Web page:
It is fascinating to see the extreme margin of commercial success between the two groups. The Dandy Warhols got signed by Capitol Records early on. They became massive in Europe after their huge hit single “Bohemian Like You” was featured in a cellphone ad. In contrast, The Brian Jonestown Massacre had barely any commercial success, most likely due to the band’s in-fighting and loathing for “controlling” record labels. Even when (or perhaps especially if) they had an awareness that label people were scoping them at their shows, they would often attack each other up on stage (a display which people would attend their shows in the hope of witnessing first hand), leave the gig early or quit the band suddenly and without warning.
Maraca and tambourine man, Joel Gion, the face of the BJM in a sense, states he had officially quit the band 21 times in total. Indeed, from one shot to the next you don’t know who’s in the band anymore. People leave, but come back the next day. Others go, and you don’t even realise.
The Dandy Warhols lived like saints in comparison; they were willing to write the hits and do the polished (and pretentious) video shoots, and behave like civilised people to keep their label happy. Guitarist Peter Holmström commented, “there’s no way to have a revolution if you stay underground” when the band is accused of “selling-out”. It was this which caused the toxic fallout between the two groups—a rift which went from mild teasing to songs dissing each other (The Warhols released, “Not If You Were The Last Junkie On Earth”, which appeared to be about the Massacre, and BJM responded with their song, “Not If You Were The Last Dandy On Earth”). At one point the Warhols files a restraining order against Newcombe after he sends them a box of shotgun bullets each wrapped in pretty paper. While it’s hilarious to watch, it’s also regrettable that these great friends who have a huge admiration for each other, turn out this way.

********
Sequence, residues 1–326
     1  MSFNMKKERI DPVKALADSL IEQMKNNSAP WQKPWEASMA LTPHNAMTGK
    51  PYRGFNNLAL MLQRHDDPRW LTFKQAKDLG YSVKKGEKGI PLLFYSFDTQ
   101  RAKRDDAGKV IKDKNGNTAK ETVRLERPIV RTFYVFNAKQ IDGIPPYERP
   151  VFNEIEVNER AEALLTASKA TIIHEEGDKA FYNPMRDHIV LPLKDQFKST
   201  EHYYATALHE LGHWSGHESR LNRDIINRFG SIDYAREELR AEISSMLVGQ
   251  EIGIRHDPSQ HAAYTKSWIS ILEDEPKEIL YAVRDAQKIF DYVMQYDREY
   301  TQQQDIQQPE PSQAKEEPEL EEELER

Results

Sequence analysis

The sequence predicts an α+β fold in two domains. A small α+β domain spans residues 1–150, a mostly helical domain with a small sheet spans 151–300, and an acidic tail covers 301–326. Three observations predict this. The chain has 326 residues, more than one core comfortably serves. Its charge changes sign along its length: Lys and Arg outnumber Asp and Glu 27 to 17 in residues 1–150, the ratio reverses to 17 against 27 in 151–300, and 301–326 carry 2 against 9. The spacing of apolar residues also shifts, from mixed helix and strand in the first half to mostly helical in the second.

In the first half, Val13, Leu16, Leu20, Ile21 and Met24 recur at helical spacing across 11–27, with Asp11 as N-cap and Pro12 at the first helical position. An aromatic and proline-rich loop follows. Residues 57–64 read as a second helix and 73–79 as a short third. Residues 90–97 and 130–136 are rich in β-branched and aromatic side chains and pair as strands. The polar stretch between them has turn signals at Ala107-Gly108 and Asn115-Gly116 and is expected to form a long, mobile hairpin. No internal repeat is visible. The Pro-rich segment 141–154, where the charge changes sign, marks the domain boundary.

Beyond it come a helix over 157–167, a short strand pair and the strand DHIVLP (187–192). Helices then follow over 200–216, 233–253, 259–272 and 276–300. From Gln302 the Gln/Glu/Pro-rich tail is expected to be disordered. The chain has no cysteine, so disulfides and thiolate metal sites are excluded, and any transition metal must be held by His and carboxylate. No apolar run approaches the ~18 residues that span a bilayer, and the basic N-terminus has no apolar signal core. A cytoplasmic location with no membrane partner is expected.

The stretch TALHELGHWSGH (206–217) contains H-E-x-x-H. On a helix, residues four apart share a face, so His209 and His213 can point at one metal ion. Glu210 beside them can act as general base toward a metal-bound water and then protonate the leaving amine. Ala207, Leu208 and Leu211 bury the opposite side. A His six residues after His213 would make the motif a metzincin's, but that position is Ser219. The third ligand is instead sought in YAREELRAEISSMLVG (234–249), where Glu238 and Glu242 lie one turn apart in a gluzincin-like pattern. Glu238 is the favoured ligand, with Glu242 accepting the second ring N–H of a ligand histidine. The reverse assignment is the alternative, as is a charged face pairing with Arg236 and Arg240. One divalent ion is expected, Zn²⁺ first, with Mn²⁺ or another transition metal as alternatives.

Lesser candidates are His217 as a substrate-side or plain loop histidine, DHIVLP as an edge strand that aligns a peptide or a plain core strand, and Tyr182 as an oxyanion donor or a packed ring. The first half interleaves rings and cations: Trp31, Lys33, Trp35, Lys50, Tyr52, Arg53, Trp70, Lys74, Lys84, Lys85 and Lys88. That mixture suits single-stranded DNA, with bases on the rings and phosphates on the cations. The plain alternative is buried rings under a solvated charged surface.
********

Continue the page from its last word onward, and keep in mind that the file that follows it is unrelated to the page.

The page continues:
Of course, The Warhols’ lifestyle was a world apart from the BJM’s because of their label deal and chart success. The Jonestown “commune” was a squalor compared to the Dandy’s lush apartments and hotel suites. In a perfectly symbolic moment that shows just how vastly different their fortunes were at that time, both bands were issued with drug charges while on tour. The Warhols got charged with marijuana possession by the French police but got let off for the price of “four T-shirts” whereas the BJM got arrested and the tour had to be disbanded. Anton got bailed out and played solo sets for its remainder.